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Patents and Trademarks: Welcome!

Databases, Information Resources, National Offices.

Patent Information @ Caltech

The Caltech Library hosts a Patents class each term, with a speaker from the Caltech Office of Technology Transfer. Resources related to the class can be found below.

Introduction to Patent Searching

Patents can be an excellent source of information on inventions or chemical processes. The introduction/background section can provide a concise review of the literature with references. Patent databases can be searched by patent number, inventor, assignee, keywords, and classification numbers (which can be a substitute for subject headings), among other fields. It is important to remember that a patent search that relies on keyword searching may be inadequate because there is no controlled vocabulary for patents, and similar inventions can be described in a wide variety of ways. The resources in this LibGuide will help you navigate and search several patent sources.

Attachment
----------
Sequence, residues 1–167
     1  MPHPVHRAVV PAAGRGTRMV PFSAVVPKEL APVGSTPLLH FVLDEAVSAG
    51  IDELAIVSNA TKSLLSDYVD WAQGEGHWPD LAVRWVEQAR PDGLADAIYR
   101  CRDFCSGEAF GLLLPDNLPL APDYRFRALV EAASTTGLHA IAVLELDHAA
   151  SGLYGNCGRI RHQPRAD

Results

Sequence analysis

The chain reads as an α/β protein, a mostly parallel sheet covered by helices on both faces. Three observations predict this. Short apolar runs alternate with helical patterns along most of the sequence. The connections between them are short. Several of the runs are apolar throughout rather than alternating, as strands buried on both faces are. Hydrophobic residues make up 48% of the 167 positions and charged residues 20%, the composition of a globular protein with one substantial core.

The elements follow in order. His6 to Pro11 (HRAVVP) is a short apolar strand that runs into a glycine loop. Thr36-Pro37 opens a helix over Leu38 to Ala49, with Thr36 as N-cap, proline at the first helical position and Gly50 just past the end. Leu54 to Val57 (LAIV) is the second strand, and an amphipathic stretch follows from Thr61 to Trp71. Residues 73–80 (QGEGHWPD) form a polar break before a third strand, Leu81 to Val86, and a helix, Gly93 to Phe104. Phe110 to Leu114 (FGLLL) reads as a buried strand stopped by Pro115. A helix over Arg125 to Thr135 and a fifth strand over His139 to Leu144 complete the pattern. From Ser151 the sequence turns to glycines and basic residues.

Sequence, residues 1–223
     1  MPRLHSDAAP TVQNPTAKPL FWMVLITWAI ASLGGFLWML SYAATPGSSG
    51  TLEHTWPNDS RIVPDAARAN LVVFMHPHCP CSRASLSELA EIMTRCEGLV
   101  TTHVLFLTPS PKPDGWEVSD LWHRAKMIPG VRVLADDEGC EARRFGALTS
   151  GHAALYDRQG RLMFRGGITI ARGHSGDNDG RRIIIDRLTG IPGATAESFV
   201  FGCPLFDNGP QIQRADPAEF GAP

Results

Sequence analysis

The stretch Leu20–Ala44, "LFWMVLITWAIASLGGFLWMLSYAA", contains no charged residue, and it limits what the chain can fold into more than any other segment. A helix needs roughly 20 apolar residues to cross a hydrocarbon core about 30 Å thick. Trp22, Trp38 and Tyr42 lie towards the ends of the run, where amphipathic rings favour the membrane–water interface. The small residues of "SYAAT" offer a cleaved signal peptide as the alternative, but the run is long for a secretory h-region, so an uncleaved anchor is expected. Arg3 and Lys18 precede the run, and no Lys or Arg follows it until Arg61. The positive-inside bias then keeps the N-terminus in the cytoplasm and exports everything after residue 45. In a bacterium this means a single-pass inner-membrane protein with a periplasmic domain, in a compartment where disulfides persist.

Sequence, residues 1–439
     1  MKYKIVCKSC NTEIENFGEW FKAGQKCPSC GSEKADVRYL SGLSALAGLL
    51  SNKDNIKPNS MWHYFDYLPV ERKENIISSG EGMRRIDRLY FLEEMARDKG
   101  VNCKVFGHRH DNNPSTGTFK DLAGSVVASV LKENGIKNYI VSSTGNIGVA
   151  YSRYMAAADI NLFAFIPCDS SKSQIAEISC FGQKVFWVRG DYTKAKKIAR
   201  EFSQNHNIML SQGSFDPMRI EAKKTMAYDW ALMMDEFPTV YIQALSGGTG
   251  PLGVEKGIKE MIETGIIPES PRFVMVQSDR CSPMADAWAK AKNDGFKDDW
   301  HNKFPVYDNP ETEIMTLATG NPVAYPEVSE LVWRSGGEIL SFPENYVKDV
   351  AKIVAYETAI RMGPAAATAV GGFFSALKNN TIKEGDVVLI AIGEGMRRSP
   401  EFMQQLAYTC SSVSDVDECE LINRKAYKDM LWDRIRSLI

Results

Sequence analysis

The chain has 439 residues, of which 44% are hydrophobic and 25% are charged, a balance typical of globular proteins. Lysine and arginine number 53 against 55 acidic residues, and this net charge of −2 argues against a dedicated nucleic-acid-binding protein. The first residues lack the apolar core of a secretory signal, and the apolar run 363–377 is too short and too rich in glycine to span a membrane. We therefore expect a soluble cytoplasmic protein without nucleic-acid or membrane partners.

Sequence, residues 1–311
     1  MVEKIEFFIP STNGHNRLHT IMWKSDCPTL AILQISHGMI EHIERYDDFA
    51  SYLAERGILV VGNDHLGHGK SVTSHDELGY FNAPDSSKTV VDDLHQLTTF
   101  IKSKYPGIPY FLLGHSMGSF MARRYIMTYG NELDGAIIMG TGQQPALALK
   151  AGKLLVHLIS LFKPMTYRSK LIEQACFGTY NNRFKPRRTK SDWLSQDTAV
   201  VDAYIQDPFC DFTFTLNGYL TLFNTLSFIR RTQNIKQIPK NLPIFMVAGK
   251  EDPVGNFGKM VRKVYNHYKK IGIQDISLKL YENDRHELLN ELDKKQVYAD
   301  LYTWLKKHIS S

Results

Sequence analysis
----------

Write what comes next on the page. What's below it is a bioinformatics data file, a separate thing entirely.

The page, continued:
Caveats of Full Text Searching

Each patent office publishes their data "warts and all." In general, they do not correct misspellings, OCR errors, or other typos. This complicates search strategies in patent office databases and other third-party databases based on raw patent office data. For example, the USPTO full-text patent database has at least 15 misspellings or variations of the assignee name "Eastman Kodak," e.g. Eastman Kodal, …Kokak, … Kdak, Eaastman Kodak, etc. The same errors appear, for example, in Espacenet and Google Patents (which also has an enormous number of OCR errors). Owners of U.S. patents may file "certificates of correction" (CC) in order to correct these kinds of problems. The USPTO simply attaches the CC to the end of the original patent. CCs are not searchable in the USPTO database, but are included with the image files.

More information about Certificates of Correction:

Commercial vendors (such as Derwent WPI, MicroPatent, and SciFinder) expend considerable time and effort cleaning up and enhancing patent data, and generally substitute a more descriptive patent title. This can be problematic in SciFinder, since the original title is not included in the record. The 'free' patent databases are great for answering general questions, retrieving copies of patents, educational purposes, current awareness and preliminary patent searching, but they are NOT a good choice if your business plan or research project depends on a complete patent search.